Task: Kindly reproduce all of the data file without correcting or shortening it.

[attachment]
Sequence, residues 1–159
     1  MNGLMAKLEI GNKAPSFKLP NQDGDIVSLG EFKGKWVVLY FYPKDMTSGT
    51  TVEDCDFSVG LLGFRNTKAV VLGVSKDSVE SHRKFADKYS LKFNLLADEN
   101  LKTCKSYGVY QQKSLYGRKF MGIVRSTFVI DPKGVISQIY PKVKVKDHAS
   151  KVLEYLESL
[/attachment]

Sequence, residues 1–159
     1  MNGLMAKLEI GNKAPSFKLP NQDGDIVSLG EFKGKWVVLY FYPKDMTSGT
    51  TVEDCDFSVG LLGFRNTKAV VLGVSKDSVE SHRKFADKYS LKFNLLADEN
   101  LKTCKSYGVY QQKSLYGRKF MGIVRSTFVI DPKGVISQIY PKVKVKDHAS
   151  KVLEYLESL